Little League - New Frontier
Baseball in the Outback continues to grow as Australia Charters Hundreds of Little League Teams for 2012
This article was printed in the annual Little League Magazine, March 2012. Courtesy of Little League International.
Baseball has been played down under for decades. But recently it’s Little League, not the pros, that has generated a buzz for thousands of Australian Children.
In a country that claims cricket and rugby as its most popular of sports, that Australian Baseball Federation (ABF), the governing body of baseball for the island continent, and Little League International have developed a structure of more than 50 chartered leagues throughout the country.
Mark Priestley is the National Teams and Championships Manager for the ABF. As the public face of the program, he oversees Little League operations through the country.
Priestley and adult volunteers have embraced the role that Little League can play in the lives of local children, and the response has resulted in more than 5000 players entering the Little League program.
“Australia may be the strongest market today for the growth of the game of baseball with the establishment of their professional league and the ABF’s efforts,” says Dan Velte, director of league development for Little League International.
Priestley is focused on education and marketing as the country’s Little League program explores the possibility of expanding its offerings to younger children and teenagers.
“I am promoting Little League against other sports like cricket, soccer and rugby,” he says, “which in Australia is a tough sell. We are creating promotional materials, which cater specifically to Australian Little Leaguers. We want the children to feel that Little League is their game.”
For the past several seasons, the Little League (Major division), which caters to children ages 9-12, has been the focus of Australian development. In Queensland, where Priestley lives, there are seven charter leagues, totaling more than 600 teams. The leagues play regular-season games, followed by postseason tournaments.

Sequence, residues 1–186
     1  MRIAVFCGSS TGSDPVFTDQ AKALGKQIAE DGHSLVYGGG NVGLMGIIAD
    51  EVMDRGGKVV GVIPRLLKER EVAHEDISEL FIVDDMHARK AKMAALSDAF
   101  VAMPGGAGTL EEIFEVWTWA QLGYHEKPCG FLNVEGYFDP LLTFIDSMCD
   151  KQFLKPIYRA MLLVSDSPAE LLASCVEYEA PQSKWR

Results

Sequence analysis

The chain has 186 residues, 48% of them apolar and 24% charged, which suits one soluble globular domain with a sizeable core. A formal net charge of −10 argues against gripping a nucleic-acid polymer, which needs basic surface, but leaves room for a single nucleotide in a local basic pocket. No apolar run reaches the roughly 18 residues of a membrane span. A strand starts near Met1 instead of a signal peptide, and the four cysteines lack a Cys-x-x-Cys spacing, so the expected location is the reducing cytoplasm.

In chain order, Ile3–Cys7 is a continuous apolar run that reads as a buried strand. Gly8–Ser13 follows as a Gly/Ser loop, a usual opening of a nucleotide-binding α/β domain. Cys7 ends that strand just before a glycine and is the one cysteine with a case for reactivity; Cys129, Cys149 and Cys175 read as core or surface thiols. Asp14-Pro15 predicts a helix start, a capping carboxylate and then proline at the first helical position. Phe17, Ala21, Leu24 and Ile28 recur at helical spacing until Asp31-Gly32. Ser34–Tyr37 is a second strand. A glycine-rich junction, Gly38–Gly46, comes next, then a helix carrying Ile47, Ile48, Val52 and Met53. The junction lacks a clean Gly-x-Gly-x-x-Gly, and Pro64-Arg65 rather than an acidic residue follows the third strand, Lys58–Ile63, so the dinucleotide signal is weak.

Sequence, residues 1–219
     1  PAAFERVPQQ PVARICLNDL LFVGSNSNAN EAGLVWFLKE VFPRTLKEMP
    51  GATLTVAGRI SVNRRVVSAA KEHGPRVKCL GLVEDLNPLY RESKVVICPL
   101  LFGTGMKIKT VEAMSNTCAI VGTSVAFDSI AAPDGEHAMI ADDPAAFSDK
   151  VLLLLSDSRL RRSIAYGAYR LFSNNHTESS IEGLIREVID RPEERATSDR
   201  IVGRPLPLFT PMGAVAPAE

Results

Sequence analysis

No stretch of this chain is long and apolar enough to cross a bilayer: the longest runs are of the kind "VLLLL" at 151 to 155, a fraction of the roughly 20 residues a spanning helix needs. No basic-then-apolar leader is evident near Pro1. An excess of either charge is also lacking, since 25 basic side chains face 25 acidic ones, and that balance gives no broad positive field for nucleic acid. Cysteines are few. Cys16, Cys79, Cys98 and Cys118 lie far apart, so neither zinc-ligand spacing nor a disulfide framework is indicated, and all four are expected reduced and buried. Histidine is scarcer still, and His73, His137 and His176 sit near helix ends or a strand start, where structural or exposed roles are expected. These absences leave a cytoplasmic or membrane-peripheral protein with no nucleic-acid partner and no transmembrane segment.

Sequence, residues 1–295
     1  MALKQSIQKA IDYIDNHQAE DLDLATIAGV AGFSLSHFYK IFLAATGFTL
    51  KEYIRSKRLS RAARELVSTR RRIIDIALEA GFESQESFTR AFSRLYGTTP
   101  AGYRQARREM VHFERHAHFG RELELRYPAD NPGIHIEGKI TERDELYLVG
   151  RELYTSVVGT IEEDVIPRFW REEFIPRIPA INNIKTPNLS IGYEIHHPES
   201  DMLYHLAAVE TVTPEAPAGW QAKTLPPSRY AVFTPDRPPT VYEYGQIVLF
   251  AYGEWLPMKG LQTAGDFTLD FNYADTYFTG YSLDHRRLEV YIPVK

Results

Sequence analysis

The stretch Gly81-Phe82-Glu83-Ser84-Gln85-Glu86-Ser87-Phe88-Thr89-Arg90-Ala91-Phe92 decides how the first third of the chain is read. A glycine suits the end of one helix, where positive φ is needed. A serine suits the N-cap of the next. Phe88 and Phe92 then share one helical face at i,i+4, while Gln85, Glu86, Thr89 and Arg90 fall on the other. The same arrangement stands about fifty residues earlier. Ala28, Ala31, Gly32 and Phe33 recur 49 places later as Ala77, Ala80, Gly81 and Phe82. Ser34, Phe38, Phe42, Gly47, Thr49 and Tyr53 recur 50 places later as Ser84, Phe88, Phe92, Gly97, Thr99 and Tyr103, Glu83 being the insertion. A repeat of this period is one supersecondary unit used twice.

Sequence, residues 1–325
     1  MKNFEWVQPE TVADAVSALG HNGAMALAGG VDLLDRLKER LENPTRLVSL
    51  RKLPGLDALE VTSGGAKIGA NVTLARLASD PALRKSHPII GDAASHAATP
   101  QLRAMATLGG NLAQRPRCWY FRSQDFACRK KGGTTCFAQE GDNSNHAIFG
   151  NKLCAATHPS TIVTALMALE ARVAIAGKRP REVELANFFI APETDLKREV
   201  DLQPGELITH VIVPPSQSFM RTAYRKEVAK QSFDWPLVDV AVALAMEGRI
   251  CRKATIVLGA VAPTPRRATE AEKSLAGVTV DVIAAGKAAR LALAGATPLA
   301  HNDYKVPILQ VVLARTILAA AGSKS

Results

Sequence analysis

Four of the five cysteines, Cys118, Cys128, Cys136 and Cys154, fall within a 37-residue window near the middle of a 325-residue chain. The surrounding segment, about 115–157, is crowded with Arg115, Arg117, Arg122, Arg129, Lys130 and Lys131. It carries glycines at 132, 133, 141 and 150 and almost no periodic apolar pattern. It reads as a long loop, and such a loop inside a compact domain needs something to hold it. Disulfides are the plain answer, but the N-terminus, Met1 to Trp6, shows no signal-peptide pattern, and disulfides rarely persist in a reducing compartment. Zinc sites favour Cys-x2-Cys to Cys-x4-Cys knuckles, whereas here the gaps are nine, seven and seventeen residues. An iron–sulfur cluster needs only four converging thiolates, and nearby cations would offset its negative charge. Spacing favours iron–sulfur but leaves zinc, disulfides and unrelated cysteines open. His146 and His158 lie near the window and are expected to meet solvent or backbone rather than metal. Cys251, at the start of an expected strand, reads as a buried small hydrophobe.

In light of the growth and popularity of Little League in Australia, the ABF has considered adding (Aussie T-Ball), as well as Minor and Teenage divisions, under the Little League banner.
“Baseball has been played in Australia for quite a while, so I am not surprised by the excitement,” Priestley says.
“Our volunteer base is good, and we are lucky to have that. The challenge comes with providing a process to educate the volunteers, but the educational resources that Little League has are incredible.”
Little League International’s development department has provided the clubs that operate the Australian programs with ways to encourage participation. Priestley says that, among other things, he is pushing for more professionally built fields dedicated solely to Little League. Although there are facilities available, the number of fields for young players is limited.
“The leagues are embracing the concept and are receptive,” he says. “Being with Little League has made it easier to draw in players because the kids are hyped to possibly make a trip to Williamsport for the Little League Baseball World Series.
“Playing in Little League stays with a child for a lifetime. It is my responsibility to show what a Little League brings to our country and how good a fit it is for Australia.”